Firstly, we found that TIPE3 could promote the proliferation of breast cancer cells. The overexpression of TIPE3 in MCF-7 cells or MDA-MB-231 cells markedly increased cell growth and the size of colony formation in soft agar. Furthermore, overexpressed TIPE3 could reduce the population of G0/G1 cells and increase S/G2/M cells. These results confirmed the notion that TIPE3 could accelerate cell cycle progression [26]. Wherefore, knocking down the expression of TIPE3 in MDA-MB-231 cells inhibited cell growth, decreased the size of colony formation, and arrested cell cycle progression. Subcutaneous xenograft tumor experiment demonstrated that overexpressed TIPE3 could promote tumor formation in vivo. Importantly, the expression of TIPE3 was positively correlated with pathological grading and HER2 expression, suggesting that elevated expression of TIPE3 may be correlated with the increase of malignancy degree in breast cancer tissue. These data indicate that TIPE3 promotes breast cancer cells growth and further confirm the notion that TIPE3 may be a novel oncogene.

Furthermore, TIPE3 could accelerate breast cancer cell migration and invasion both in vitro and in vivo. Metastasis of breast cancer is a major cause of death for breast cancer patients [39]. PI3K-AKT signaling pathway regulates tumorigenesis and metastasis of breast cancer [40, 41] However, the role of TIPE3 in the migration and invasion of breast cancer has never been examined. We found that the levels of TIPE3 expression were higher in MDA-MB-231 and BT549 cells which were considered as more invasive cancer cells than MCF-7 and MDA-MB-468 cells [42], suggesting that TIPE3 might be associated with cancer migration and invasion. Overexpressed TIPE3 in MCF-7 cells could promote cell migration and invasion, while knocking down of TIPE3 in MDA-MB-231 cells reduced cell migration and invasion. Interestingly, the levels of TIPE3 staining in invasive ductal carcinoma were significant higher than that in DCIS from the same patients. Similarly, the staining of TIPE3 protein was stronger in lymph node metastatic breast cancer cells than that in DCIS or invasive ductal cancer cells from the same patients. Additionally, by using breast cancer lung metastasis model, we found that MDA-MB-231 cells treated with Lenti-siTIPE3 have greatly reduced ability to form metastatic foci in the lungs and livers than in shCtrl cells. These data suggested that TIPE3 expression might be associated with the progression and metastasis of human breast cancer.

Finally, TIPE3 regulates proliferation, migration and invasion in breast cancer cells by activating AKT and NF-κB pathways. Early studies have identified that TIPE3 promote tumorigenesis by activating PtdIns (3, 4, 5)P3 signaling pathway [26]. PI3K-AKT pathway plays an important role in tumorigenesis and promotes tumor malignant transformation including survival, proliferation and metabolism [43]. The PI3K/AKT signaling pathway is frequently activated in more than 50% of human breast cancers and most commonly through mutational activation of the PIK3CA gene [44]. Coordinately, PIK3CA mutations and AKT activation by phosphorylation (pAKT) are often identified at high frequencies in breast cancer [43]. In this study, we found that overexpression of TIPE3 in MCF-7 cells substantially upregulated p-AKT and p-IkBα phosphorylation and promoted p65 nuclear localization. Similarly, TIPE3 knockdown in MDA-MB-231 cells impaired AKT and IkBα activation. The inhibitors of AKT and NF-κB pathways, such as CAPE and LY294002, could block the enhanced proliferation, colony formation and migration of breast cancer cells induced by overexpressed TIPE3. Interestingly, blocking PI3K-AKT pathway by LY294002 largely abolished the activation of NF-κB induced by TIPE3 overexpression, suggesting that TIPE3 might activate NF-κB through AKT pathway during breast cancer development. This finding was consistent with studies that NF-κB cross-talks with AKT signaling [32, 33]. These results indicate that TIPE3 regulates proliferation, migration and invasion by activating AKT and NF-κB pathways. Studies suggested that genes, such as MMP2, MMP9, MMP11 and uPA, were found to be associated with breast cancer progression, angiogenesis and metastasis [45, 46]. MMP2, uPA were identified as indicator of tumor invasion and metastasis [47]. In this paper we found that the expression of MMP-2 and uPA was increased in TIPE3 overexpressed MCF-7 and MDA-MB-231 cells, while decreased in TIPE3 knocked down MDA-MB-231 cells. These results indicated that TIPE3 might promote breast cancer progression by upregulating the expression of MMP2 and uPA via activating AKT- NF-κB pathways, and might be an important indicator of breast cancer invasion and metastasis.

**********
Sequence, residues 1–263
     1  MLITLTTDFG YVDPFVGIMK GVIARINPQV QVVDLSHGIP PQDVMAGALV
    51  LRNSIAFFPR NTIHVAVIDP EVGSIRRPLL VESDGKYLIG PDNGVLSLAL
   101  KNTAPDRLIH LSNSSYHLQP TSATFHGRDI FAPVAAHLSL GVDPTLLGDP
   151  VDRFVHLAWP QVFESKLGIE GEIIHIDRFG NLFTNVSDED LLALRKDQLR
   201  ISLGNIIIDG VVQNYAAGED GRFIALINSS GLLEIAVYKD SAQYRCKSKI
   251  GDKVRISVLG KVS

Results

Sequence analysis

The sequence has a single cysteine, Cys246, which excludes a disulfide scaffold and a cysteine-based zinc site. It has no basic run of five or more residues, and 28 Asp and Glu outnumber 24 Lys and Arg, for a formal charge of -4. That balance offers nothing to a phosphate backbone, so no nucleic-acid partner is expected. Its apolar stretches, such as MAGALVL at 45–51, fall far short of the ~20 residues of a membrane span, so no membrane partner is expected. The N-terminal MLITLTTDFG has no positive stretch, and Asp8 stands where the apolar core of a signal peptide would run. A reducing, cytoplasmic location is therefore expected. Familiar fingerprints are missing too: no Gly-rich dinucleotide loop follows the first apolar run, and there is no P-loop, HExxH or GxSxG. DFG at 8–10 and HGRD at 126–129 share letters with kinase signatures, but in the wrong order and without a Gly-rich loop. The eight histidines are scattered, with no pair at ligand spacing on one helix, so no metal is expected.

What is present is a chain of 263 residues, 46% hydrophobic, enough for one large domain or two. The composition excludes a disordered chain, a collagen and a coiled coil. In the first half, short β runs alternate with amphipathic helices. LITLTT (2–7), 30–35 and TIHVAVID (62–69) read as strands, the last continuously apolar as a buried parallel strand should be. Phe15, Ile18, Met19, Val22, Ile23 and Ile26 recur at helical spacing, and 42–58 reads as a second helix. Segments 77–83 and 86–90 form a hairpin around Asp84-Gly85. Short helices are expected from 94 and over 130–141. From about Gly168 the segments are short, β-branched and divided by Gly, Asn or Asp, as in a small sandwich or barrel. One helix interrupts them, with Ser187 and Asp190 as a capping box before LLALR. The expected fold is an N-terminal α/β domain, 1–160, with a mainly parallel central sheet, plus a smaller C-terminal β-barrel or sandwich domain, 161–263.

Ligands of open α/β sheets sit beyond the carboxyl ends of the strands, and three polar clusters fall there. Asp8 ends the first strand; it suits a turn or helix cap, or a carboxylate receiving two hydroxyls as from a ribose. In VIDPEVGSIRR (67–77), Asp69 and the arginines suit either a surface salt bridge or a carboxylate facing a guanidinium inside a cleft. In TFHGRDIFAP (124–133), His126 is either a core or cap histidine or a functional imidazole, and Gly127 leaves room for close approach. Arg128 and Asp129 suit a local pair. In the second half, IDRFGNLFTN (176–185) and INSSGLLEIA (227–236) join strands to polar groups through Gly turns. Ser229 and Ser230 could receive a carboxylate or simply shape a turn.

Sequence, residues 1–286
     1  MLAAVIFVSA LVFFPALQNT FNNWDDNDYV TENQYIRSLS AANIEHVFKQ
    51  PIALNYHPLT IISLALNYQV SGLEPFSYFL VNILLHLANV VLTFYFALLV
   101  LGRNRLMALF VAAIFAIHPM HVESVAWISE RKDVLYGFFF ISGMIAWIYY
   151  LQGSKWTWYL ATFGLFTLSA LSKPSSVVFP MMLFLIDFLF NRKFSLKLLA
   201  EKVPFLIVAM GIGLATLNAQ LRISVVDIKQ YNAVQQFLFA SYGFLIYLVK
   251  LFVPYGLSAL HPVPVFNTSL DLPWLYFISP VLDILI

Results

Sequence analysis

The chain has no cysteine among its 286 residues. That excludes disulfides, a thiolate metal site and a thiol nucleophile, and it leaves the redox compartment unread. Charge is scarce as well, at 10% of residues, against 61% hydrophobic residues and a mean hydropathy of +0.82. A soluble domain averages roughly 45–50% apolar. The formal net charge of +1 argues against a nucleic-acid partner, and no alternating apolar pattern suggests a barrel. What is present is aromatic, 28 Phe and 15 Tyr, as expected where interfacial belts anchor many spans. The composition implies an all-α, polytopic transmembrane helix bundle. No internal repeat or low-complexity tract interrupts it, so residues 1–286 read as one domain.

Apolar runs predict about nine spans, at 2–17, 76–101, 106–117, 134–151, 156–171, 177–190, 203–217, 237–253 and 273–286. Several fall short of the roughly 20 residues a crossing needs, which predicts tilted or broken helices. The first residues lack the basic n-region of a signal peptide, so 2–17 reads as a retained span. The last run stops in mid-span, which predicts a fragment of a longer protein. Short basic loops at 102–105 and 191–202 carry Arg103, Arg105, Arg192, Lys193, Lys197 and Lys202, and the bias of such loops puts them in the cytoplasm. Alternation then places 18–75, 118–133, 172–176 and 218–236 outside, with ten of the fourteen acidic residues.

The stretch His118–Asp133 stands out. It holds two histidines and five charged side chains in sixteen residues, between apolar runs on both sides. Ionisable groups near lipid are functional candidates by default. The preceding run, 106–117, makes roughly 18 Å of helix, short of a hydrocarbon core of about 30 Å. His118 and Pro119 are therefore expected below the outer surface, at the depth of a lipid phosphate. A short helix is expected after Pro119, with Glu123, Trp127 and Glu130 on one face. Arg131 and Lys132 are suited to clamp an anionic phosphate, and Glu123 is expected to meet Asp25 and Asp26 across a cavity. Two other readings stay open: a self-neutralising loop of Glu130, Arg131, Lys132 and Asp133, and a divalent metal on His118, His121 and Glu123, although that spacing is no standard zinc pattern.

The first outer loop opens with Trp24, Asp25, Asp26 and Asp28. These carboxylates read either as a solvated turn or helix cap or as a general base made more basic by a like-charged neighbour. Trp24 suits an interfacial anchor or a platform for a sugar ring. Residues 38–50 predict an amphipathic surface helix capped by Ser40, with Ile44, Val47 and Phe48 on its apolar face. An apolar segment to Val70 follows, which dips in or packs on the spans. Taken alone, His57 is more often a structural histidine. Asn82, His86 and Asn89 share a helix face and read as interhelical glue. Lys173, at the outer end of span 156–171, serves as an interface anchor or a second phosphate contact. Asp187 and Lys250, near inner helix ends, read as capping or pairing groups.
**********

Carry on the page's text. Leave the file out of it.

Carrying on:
In summary, our findings demonstrated that TIPE3 protein was upregulated in breast cancer tissues and positively correlated to invasion and metastasis of human breast cancer cells by activating AKT and NF-κB signaling pathways. These results suggested that TIPE3 might serve as an indicator of breast cancer early stage diagnosis, invasion and metastasis and be a potential therapeutic target for breast cancer.

MATERIALS AND METHODS

Clinical specimens